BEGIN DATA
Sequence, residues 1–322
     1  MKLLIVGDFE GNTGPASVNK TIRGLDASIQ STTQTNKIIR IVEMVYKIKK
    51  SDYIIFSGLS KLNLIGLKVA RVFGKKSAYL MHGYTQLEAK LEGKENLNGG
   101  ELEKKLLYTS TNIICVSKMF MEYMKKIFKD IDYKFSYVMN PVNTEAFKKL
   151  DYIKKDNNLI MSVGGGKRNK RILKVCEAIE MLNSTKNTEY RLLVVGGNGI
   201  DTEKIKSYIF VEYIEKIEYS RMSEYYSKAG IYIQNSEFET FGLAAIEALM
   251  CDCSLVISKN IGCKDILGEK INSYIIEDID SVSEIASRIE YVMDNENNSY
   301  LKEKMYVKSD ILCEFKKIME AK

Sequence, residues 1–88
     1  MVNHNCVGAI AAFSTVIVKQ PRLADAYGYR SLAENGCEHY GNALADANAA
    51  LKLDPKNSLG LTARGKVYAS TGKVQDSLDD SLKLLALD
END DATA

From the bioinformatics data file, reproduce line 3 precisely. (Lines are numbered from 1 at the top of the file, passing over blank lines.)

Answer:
    51  SDYIIFSGLS KLNLIGLKVA RVFGKKSAYL MHGYTQLEAK LEGKENLNGG